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Thursday, 27 March 2014

What is the state of sex work in Canada?

by Amee Barber

Three things everyone should know about sex work in Canada:

  1. Until recently, the sale of sex was not actually illegal under the Canadian criminal code, but everything surrounding it was: living off the avails, procuring, soliciting and maintaining a bawdy house. As a result, many sex workers argue that they feel there are forced to operate ‘underground’ and are afraid to openly disclose their profession to those who can help them. Sex workers cannot legally hire bodyguards or drivers or work in public, and, in some instances, even have trouble securing child care. Moreover, despite the fact that Edmonton, like many other cities, sells licenses so a sex worker can sell her services, sex workers are considered independent contractors and therefore are not entitled to employment benefits or protections.

  2. On December 21, 2013 the Supreme Court of Canada ruled that current Canadian legislation against solicitation was unconstitutional after finding that they negatively impacted the security and safety of sex workers.  It was argued that if sex workers were able to establish a regular place of business and hire body guards, then they would be able to more safely practice their business. The Court has given Parliament one year to come up with a new legislative scheme before the old laws became unenforceable.

  3. The sex industry is highly stratified, just like any other industry. Different occupational profiles are associated with different levels of risk and earnings. Independent escort workers are typically the highest earners, while sex workers working for an agency typically have to follow house rules and pay a percentage to their operators. Meanwhile, the lowest earners, and the most at-risk to violence and addiction, are generally street workers.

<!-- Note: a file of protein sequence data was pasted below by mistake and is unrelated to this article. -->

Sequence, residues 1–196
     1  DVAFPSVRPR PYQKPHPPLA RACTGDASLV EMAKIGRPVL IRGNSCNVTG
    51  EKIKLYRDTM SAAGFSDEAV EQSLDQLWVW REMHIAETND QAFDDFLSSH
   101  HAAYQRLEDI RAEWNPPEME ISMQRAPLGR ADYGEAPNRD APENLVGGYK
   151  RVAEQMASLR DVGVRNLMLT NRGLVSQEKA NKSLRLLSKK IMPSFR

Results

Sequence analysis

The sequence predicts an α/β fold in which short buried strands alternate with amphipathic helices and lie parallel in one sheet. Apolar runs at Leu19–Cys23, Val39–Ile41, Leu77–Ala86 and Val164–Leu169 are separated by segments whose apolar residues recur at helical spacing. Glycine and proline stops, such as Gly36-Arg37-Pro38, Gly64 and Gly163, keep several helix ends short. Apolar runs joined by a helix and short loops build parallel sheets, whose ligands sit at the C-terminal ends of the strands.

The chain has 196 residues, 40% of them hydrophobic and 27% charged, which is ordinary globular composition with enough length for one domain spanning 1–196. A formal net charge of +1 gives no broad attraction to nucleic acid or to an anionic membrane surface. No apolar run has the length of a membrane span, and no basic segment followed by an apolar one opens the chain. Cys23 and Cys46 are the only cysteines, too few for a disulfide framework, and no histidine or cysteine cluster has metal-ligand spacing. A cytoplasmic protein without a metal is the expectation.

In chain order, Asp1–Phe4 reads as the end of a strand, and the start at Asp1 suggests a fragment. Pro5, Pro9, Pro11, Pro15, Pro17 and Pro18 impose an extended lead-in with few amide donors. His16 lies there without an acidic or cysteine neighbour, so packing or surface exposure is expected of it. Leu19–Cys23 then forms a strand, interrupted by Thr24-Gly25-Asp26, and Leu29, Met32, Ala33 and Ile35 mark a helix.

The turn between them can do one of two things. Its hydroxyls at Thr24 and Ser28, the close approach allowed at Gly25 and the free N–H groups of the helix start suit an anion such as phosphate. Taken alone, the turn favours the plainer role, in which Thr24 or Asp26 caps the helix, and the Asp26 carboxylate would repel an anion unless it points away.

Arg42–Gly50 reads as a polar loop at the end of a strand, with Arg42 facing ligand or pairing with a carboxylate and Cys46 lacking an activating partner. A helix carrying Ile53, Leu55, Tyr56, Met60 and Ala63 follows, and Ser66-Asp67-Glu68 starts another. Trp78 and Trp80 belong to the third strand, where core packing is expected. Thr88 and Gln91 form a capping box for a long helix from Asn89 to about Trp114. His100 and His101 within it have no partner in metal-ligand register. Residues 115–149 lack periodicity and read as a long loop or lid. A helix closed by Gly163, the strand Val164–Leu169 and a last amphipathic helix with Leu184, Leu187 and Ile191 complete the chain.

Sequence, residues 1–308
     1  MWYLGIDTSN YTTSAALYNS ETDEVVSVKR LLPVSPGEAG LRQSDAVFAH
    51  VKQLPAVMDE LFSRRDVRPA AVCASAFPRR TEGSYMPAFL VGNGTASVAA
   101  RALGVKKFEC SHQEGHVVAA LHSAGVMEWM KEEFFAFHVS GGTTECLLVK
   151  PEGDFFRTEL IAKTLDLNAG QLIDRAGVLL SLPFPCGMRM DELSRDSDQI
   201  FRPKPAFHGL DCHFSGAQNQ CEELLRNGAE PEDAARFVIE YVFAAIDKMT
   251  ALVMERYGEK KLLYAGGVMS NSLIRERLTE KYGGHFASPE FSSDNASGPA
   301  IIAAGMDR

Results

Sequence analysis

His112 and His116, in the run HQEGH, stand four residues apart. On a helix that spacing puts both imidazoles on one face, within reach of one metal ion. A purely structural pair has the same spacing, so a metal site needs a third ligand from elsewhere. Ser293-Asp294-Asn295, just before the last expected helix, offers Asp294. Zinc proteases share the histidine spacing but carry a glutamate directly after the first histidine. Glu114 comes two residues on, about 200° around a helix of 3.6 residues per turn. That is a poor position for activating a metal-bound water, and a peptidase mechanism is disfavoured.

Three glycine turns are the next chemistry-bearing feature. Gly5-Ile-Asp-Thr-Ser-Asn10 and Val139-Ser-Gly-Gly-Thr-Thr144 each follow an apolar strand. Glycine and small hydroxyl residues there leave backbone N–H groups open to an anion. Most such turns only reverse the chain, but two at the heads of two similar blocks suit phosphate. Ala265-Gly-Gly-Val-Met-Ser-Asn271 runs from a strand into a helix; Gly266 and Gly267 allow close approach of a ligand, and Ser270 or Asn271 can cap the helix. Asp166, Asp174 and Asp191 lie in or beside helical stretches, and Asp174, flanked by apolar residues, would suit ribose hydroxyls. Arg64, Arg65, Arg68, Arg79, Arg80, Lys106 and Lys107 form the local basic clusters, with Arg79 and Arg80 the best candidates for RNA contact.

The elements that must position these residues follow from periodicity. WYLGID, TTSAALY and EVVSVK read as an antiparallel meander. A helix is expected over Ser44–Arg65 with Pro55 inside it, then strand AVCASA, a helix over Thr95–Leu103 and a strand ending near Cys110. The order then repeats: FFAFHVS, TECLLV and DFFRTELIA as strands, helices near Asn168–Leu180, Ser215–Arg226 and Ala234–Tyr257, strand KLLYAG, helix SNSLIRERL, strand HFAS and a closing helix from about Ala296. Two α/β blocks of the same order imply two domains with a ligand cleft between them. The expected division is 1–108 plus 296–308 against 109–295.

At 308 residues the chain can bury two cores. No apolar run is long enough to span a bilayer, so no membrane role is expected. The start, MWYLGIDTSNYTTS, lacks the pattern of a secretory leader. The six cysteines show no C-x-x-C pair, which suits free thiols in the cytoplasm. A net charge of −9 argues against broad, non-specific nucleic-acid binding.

Three myths about sex work in Canada:

Myth #1: All sex workers are coerced into sex work by men and are dominated by them.

The Reality: We must understand that there are a variety of reasons that women enter into sex. It is undeniable that some of the women within the escort industry were particularly vulnerable before their entry into sex work, and physical or emotional coercion must be taken very seriously and those responsible must be punished; however, many of these women enter sex work to make their own money, to gain flexibility and autonomy, and/or to live an exotic life style. 

Myth #2: We must protect the sex worker who is incapable of giving informed or real consent.

The Reality: This view argues that the sex worker is either coerced or so psychologically damaged, or socialized by patriarchy, to the point that she is no longer responsible for her actions and is rendered incapable of providing any type of real consent; yet sex workers, like all women, are capable of informed consent. They do not want their choices invalidated by people who claim to "know better."

Myth #3: Sex work is violence against women, it is degrading and objectifying and reinforces their own oppression.

The Reality: Some view the sex worker as a victim who must be "saved" because they believe the very act of sex work is morally wrong. This view purports that men reduce women to sexual objects, which means that women are used only for their body parts. However, this view tends to equate sexuality with a sense of self, which is not a legitimate comparison. If the sale of labour is not seen as degrading and objectifying, why is the sale of sex any different? 

Amee works as a senior strategic engagement specialist for the Department of Energy, Government of Alberta. She also teaches at the University of Alberta, where is currently finishing her PhD in comparative and gender politics. She welcomes discussion on the topic and can be contacted at You can also find a unique take on the issues around sex work at a recent Pecha Kucha presentation she did, here:  (her presentations starts at 1:56). 

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